Career: Radio Host-Pinoy Dreams TV, Host-Mangarap Ka, PinoyTV- Station Manager, Fil-core-Support Group-Founder
Years in Canada: 14 years
Province: Odiongan, Romblon
Q. What education did you receive in the Philippines and what was your career outlook there?
A. I graduated with a Bachelors of Science in Business Administration. Back home I worked many odd jobs to support my family. I was an educator, business owner and an office worker.
Q. Why did you decide to leave the Philippines and what made you choose Canada?
A. When I came to Canada my only intention was to find a career that could sustain the lives of my children. Although my husband at the time and I had already established our own careers back home, it was not the life I wanted for my children. I wanted more for them. I saw the potential each of them had and I believed that they could do great things with their lives, they just needed the right environment to allow them to flourish. I knew Canada would be the best place for me to go. For one reason, my ex-husband had family in Canada who were willing to sponsor me. Additionally, I knew Canada had its reputation to be a multi-cultural community which would eventually become a great place for my children to grow up in.
Q. What was your first impression of Canada and what happened to your career here?
A. As expected with anyone who comes to a foreign country, I suffered a bit of culture shock and home sickness. I missed my family back home and my children. It was an odd experience having to leave a life you’ve worked hard for and start all over again but I knew it would be worth it in the long run. Canada was a beautiful country and even more beautiful now. I noticed the little differences within the community too, how much closer you can be with your neighbors in the Philippines, not that it wasn’t possible here too, but I always did miss that sense of family back home.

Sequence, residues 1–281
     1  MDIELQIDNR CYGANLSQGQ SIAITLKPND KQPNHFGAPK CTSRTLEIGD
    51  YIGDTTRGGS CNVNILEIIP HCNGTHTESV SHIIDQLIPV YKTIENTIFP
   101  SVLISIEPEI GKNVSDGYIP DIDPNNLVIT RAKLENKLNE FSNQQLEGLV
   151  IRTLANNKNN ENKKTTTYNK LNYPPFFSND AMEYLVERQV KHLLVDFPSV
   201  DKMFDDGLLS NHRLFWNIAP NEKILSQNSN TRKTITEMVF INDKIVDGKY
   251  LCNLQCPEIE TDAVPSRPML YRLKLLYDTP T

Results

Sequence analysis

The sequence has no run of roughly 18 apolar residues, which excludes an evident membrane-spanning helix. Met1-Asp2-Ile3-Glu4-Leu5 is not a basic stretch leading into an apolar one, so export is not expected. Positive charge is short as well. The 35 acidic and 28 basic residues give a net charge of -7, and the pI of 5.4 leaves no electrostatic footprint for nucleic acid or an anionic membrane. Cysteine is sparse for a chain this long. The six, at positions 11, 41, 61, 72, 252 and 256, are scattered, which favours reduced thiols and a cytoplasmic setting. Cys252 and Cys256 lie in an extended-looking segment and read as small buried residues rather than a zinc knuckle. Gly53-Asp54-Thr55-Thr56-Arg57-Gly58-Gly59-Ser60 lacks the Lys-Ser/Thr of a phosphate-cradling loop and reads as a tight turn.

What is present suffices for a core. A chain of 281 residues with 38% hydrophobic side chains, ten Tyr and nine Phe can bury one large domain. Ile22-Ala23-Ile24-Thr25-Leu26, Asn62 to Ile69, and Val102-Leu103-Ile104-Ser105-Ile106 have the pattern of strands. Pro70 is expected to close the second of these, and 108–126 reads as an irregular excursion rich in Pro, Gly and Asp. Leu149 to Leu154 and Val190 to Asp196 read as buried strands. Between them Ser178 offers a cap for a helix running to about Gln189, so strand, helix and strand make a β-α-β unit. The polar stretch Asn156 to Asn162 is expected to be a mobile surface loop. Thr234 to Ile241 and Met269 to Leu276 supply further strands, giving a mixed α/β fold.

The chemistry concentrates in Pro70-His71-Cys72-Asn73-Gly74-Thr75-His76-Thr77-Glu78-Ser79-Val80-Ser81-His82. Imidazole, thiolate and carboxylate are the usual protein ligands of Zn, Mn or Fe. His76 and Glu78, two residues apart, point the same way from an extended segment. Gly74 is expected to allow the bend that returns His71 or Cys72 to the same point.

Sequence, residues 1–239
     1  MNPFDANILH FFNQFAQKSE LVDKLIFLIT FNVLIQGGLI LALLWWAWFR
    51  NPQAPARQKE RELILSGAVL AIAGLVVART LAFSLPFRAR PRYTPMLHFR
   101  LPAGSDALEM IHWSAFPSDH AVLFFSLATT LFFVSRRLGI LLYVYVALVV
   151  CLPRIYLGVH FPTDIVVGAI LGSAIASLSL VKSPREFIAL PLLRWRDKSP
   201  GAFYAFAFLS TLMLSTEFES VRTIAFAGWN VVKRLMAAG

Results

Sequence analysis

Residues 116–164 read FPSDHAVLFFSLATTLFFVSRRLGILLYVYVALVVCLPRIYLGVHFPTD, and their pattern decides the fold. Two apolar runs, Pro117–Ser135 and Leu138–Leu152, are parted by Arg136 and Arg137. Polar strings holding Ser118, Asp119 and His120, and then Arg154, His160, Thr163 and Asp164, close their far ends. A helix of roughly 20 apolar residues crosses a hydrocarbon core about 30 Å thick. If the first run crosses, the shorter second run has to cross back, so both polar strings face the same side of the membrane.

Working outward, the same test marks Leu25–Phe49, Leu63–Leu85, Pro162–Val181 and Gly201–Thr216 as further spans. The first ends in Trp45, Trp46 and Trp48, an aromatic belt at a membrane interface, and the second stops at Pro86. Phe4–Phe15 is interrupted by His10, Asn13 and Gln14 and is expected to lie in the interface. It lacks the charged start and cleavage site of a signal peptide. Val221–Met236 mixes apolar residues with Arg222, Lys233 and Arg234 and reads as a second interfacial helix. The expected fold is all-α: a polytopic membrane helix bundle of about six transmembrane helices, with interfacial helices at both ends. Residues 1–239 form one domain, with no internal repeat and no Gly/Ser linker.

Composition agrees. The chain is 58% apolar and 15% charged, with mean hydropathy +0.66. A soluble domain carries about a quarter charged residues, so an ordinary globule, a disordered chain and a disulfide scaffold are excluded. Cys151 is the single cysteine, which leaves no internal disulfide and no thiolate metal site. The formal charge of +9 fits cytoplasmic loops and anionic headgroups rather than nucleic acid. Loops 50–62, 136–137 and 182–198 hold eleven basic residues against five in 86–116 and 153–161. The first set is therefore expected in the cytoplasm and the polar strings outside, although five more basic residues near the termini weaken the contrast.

I first started off as a nanny for my sister in-law; taking care of her two sons. I worked for them for a few months and then to a new employer still as a nanny. Eventually I was able to get a job as an book keeper for a previous employer who became like a second family to me after a period of time I was offered a position as an office manager but I declined because I wanted to go back to school. I enrolled in a community service worker diploma program and three months before my graduation I was hired as an educational director of an employment agency. I worked for two years and was then hired as a marketing coordinator for Nurses Education Inc. and eventually became the vice president for corporate marketing. Continuing on I worked multiple jobs varying in different fields. I got in to book keeping, endorsement, and lately I have gotten in to radio talk shows, television producing as well as working with large private career colleges as a student recruitment specialist both locally and internationally.
Aside from my various career I also founded a care-giver support with alongside other nannies who felt the need for a group that can help nannies settle in Canada and have something all new migrants can come to for support. It started back in 2003 with the name Fil-core support group which is a non profit organization made by caregivers for caregivers. Working together we are able to hold fund raising events to raise money for various causes. Our most well-known fundraising event is the Ms Caregiver Pageant which is held annually to raise money.
Q. What were the obstacles you had to face in the Canada and how did you overcome them?